About this artwork

The pregnancy of Callisto, an attendant nymph of Diana, goddess of the moon, hunting and chastity, is cruelly revealed. Banished by Diana, Callisto was later transformed by Jupiter her seducer, into the constellation of the Great Bear. The powerful gestures and varied poses of Diana and her nymphs complement those in the composition of the companion painting Diana and Actaeon. These large so-called 'poesie' reveal Titian's mastery of the idealised human figure and of colour and light to convey contrasting textures. As late works, they also indicate the remarkable physical energy he expended using his fingers as much as his brushes to apply paint.

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  • title:
    Diana and Callisto
  • accession number:
    NG 2844
  • artist:
    Titian (Tiziano Vecellio) (about 1485/90 - 1576)
  • depicted:
  • gallery:
  • object type:
  • subject:
  • glossary:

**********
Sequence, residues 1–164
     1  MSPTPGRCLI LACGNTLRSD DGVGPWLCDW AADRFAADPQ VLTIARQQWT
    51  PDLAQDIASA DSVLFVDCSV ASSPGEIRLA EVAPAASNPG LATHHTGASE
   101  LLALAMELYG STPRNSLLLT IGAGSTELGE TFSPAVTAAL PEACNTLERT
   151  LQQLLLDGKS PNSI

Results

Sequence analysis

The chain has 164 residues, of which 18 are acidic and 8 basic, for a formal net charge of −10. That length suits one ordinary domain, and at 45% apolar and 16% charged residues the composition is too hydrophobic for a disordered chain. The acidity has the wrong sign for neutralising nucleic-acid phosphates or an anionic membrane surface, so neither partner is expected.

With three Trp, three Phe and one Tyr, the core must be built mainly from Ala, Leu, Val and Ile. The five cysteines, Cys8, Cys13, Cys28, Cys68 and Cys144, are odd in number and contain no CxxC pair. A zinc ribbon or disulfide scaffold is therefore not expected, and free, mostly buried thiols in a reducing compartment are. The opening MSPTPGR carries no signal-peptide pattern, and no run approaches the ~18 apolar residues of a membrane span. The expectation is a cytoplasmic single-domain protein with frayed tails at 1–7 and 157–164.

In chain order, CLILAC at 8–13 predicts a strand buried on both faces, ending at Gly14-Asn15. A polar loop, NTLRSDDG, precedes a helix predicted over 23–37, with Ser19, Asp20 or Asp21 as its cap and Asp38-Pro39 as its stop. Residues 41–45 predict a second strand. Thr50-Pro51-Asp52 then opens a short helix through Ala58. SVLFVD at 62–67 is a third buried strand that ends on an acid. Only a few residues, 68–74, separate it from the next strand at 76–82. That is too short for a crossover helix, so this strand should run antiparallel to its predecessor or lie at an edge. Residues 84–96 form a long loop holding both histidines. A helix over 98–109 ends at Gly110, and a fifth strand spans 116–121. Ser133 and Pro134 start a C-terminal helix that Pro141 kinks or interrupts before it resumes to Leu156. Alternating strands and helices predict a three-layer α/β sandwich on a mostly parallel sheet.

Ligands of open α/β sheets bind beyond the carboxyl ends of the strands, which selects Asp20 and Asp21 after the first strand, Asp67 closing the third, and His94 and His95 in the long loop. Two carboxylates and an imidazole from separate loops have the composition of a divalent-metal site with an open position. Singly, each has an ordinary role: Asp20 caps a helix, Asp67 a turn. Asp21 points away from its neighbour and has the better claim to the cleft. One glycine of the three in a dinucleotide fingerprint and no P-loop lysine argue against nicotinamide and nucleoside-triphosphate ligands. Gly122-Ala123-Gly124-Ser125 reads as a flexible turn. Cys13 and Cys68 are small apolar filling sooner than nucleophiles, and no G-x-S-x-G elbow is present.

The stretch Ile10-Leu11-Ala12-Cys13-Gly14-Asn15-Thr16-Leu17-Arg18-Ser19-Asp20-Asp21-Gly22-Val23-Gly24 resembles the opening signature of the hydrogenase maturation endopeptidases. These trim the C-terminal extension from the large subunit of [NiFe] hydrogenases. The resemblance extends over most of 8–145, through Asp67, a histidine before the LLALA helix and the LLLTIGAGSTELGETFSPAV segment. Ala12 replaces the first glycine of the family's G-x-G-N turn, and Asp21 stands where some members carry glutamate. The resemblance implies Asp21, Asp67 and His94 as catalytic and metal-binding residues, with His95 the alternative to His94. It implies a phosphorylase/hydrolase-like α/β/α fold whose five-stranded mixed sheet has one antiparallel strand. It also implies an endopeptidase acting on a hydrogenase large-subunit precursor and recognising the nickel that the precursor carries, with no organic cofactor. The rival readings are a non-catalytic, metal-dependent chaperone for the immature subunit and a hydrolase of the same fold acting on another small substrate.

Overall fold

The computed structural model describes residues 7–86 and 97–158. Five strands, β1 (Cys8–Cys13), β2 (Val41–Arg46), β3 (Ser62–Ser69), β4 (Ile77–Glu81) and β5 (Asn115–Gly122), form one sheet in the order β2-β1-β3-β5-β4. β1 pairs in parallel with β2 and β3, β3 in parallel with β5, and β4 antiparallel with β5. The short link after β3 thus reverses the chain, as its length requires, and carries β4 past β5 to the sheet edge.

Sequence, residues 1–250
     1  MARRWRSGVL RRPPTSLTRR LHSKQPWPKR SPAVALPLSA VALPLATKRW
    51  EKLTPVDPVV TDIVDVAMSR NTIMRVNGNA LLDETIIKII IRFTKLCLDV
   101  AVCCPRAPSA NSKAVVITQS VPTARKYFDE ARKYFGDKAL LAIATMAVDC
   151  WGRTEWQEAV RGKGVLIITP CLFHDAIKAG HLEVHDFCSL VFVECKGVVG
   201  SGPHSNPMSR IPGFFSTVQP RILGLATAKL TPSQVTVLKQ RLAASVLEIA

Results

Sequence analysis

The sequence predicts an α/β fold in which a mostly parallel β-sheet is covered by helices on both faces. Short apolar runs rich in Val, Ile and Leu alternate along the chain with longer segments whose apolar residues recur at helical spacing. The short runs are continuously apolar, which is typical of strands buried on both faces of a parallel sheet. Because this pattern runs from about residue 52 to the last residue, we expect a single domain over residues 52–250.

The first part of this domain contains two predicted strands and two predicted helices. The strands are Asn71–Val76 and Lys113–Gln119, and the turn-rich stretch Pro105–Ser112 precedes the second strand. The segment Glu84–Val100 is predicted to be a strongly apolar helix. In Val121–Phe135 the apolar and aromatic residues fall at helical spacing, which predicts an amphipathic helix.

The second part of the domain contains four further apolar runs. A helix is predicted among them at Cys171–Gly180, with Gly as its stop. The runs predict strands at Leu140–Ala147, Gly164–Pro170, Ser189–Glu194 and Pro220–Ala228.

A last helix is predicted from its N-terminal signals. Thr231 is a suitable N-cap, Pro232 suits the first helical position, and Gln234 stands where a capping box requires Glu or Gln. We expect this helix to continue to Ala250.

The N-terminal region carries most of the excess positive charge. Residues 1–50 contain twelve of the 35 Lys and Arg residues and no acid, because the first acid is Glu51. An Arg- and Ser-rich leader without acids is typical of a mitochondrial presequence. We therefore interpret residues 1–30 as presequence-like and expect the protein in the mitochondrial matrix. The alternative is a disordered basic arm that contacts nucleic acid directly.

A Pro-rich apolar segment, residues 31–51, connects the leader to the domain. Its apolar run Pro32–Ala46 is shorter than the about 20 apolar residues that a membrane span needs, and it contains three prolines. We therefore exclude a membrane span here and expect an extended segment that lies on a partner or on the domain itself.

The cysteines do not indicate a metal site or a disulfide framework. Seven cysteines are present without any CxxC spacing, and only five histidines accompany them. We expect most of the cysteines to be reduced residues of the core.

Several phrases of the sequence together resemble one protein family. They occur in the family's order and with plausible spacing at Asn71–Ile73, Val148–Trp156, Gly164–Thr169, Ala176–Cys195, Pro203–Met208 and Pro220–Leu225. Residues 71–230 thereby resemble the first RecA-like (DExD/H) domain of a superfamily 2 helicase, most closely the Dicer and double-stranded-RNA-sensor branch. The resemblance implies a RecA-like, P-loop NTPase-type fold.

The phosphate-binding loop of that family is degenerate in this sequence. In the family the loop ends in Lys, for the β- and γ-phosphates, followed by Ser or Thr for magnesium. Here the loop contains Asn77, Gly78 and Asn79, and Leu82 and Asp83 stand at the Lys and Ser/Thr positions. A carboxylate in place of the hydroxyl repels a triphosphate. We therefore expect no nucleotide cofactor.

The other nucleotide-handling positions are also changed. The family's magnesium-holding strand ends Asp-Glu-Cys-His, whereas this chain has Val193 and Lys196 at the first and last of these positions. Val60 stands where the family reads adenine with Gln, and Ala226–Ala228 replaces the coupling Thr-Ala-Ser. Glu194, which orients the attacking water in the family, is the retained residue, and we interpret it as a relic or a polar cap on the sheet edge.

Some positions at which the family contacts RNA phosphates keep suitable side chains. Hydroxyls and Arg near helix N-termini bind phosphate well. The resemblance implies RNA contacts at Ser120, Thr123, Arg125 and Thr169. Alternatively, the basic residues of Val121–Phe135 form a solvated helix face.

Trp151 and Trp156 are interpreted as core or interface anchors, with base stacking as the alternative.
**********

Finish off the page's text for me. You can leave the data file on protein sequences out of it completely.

• materials:
    Oil on canvas
  • date created:
    1556 - 1559
  • measurements:
    187.50 x 205.00 cm (framed: 239.00 x 257.00 x 15.50 cm)
  • credit line:
    Purchased jointly by the National Galleries of Scotland and the National Gallery, London, with contributions from the National Lottery through the Heritage Lottery Fund, the Art Fund (with a contribution from the Wolfson Foundation), The Monument Trust, J Paul Getty Jnr Charitable Trust, Mr and Mrs James Kirkman, Sarah and David Kowitz, Chris Rokos, The Rothschild Foundation, Sir Siegmund Warburg’s Voluntary Settlement and through private appeal and bequests 2012

Titian (Tiziano Vecellio)

Titian (Tiziano Vecellio)

Titian made a greater impact on European painting than any other artist from Venice. His use of colour and development of a 'painterly' style of lively brush work has influenced generations of artists. He excelled in all types of painting, including altarpieces, religious subjects for private devotion, themes from classical mythology, allegorical works and portraits. The bright clear colours and smooth appearance of his early paintings are quite different from the more dramatic tonal contrasts and broken brushwork of his later work. He received public and private commissions from within Venice and from eminent patrons elsewhere. Titian painted many of his most celebrated pictures for King Philip II of Spain.

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